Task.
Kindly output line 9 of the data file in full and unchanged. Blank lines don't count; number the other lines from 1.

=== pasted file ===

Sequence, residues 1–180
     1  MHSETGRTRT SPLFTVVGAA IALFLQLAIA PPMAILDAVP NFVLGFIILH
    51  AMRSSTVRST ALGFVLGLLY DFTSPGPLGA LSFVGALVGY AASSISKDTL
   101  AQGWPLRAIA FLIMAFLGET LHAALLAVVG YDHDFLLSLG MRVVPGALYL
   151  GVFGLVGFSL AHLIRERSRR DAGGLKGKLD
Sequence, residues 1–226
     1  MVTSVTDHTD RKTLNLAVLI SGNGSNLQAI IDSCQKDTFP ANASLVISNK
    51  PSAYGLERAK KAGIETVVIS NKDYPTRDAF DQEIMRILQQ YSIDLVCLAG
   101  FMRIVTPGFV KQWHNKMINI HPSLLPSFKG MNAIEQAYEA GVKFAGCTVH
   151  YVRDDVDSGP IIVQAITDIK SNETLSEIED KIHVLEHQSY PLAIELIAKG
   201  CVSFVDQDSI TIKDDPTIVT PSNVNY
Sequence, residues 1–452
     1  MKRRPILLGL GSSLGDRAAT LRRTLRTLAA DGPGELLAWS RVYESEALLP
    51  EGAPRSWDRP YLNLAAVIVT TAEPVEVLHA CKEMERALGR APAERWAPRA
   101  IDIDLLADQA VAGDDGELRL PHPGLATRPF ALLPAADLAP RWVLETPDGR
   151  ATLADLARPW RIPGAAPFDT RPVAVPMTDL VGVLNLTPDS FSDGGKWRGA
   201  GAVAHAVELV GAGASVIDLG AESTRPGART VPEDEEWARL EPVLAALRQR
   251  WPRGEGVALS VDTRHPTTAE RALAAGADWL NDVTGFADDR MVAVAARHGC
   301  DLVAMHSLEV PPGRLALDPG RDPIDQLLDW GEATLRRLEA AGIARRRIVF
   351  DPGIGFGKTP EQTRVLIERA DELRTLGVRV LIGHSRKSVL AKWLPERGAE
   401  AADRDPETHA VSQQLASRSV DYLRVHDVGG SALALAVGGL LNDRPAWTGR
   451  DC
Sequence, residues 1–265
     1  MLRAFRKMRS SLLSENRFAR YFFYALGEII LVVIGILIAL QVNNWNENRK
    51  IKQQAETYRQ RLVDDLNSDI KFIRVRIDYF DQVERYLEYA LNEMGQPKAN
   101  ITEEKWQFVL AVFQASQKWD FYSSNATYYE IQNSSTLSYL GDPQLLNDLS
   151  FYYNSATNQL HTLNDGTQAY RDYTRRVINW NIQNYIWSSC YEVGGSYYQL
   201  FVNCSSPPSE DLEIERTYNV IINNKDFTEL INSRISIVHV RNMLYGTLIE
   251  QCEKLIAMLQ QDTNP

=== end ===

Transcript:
   101  FMRIVTPGFV KQWHNKMINI HPSLLPSFKG MNAIEQAYEA GVKFAGCTVH